Why I Train by RPE Instead of Heart Rate or Pace

Why I train by RPE Instead of Heart Rate or Pace - an example

This is my first running blog. Let’s see how it goes. I wanted to do a quick discussion about my experience using different training methodologies (specifically running by feel) while training for long distance races. Just so we’re clear, this is all anecdotal. If you’re for real interested in training methods, you should read some books like Daniels’ Running Formula, etc. And, you know, experiment.

Defining Terms

Just so we’re all on the same page, let’s set some terms:

RPE (rate of perceived exertion) – This is where I’m at now. Essentially, you set your running pace by feel. Some people use indicators like how hard they’re breathing, or how many words they can say while running to decide how much effort they’re putting in.

Heart Rate Training – In this method, you run with a heart rate monitor. You set alerts and heart rate thresholds to dictate how fast you’re running. So if you’re on an endurance run, you might be shooting for having your heart rate in the 150s.  Zone 2 training and the Maffetone Method are probably the biggest players here.

Pace – This is the Jack Daniels’s method. Using a recent race time, you literally set pace ranges that dictate each running type. For example, your threshold run would be done between a 7:00 and 7:15 minutes per mile pace.

My Experiences with Heart Rate and Pace

Last year, I decided to give the MAP method a try, developed by Maffetone. In this method, you run below a really low heart rate, with the idea that over time your actual pace will improve while your heart rate stays below the range. There’s talk about how this helps you become fat adapted, which is a different discussion. For me, the heart rate cap was 148 bpm, which had me running real damn slow. 

I stuck with the MAP for about 3 months, and sure, I saw a little improvement. But, there were 2 things I really didn’t like.

  1. OMG, you’re running slow as fuck. Talk about walking up hills.
  2. You’re not supped to vary paces until you max out your slow gains, and I got realllly burnt out running so slow. I just felt stale.

To be fair to MAP supports, I probably didn’t give this a fair shake. But I just didn’t have what it takes to keep up with it.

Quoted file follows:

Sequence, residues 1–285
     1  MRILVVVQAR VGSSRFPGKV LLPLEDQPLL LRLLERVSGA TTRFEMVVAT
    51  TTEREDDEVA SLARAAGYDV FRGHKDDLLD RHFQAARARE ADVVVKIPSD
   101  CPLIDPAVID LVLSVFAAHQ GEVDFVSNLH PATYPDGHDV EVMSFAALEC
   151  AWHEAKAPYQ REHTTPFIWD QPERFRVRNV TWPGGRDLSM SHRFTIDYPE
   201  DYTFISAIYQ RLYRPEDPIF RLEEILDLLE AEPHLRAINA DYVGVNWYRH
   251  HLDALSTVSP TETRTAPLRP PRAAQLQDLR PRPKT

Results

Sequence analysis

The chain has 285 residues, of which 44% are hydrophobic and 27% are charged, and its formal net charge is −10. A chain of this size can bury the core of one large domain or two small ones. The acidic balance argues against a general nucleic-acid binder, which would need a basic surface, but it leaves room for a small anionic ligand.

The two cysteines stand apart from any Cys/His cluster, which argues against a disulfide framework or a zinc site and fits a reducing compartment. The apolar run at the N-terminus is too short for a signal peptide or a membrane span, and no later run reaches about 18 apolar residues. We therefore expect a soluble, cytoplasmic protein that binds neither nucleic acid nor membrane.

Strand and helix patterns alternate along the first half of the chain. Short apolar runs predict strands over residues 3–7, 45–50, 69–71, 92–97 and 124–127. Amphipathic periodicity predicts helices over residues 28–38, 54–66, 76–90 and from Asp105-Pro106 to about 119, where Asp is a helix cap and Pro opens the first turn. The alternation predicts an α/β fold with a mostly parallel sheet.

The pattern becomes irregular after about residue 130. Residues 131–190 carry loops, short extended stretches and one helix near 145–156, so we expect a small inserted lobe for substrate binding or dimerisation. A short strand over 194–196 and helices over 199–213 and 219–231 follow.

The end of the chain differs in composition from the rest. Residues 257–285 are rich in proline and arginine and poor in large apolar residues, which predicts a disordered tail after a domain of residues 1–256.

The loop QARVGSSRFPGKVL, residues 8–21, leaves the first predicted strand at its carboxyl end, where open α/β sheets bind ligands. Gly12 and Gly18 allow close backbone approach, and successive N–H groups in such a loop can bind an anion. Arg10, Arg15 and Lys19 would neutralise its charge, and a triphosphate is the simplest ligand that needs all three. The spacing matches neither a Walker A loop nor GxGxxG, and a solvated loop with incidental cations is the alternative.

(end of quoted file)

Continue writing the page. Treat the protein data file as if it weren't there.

Now for pace. For the majority of my running experience, I’ve relied on some form of pace training. I probably didn’t put a lot of thought into it. It just seemed like the easiest thing to do. My problem is that sometimes pace and effort don’t fit. For example, it gets real hard keeping that threshold pace going up pills. If I had a track or lived in Nebraska, maybe it’d be fine. But I don’t.

Why I RPE

I read Jason Koop’s book Training Essentials for Ultrarunning: How to Train Smarter, Race Faster, and Maximize Your Ultramarathon Performance a few months back. 

With this method, you still vary your pace with intervals, steady states, threshold runs, etc. But instead of being prescriptive about pace or heart rate, you base it on running by feel.

When I first saw that, I thought it was dumb. It seemed, I don’t know, not scientific enough. But as I got into it, I found it profoundly liberating.

I know the purpose of my runs, and my time spent at each pace. For example, I know that after a warm-up I’ll do two 12 minute reps at threshold pace with a 6 active minute rest in between. So when my watch beeps that the 12 minutes start, I take off at a pace that I feel I could keep up with for 12 minutes.

Through some explained phenom, my brain knows how to do this!

Because I’m not locked into a pre-determined pace, I don’t blow myself up. I don’t die on hills, etc. I also don’t feel like I’m going unnecessarily slow.

And the funny thing, typically when all is said and done, my pace and heart rate fall almost exactly inside the predictable ranges. 

I think the biggest reason I like it, though, is that I’m not beholden to the watch. I just go out and run. And there’s a joy in that.

So for now, that’s what I’m sticking to.

How do you run?

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Why I Train by RPE Instead of Heart Rate or Pace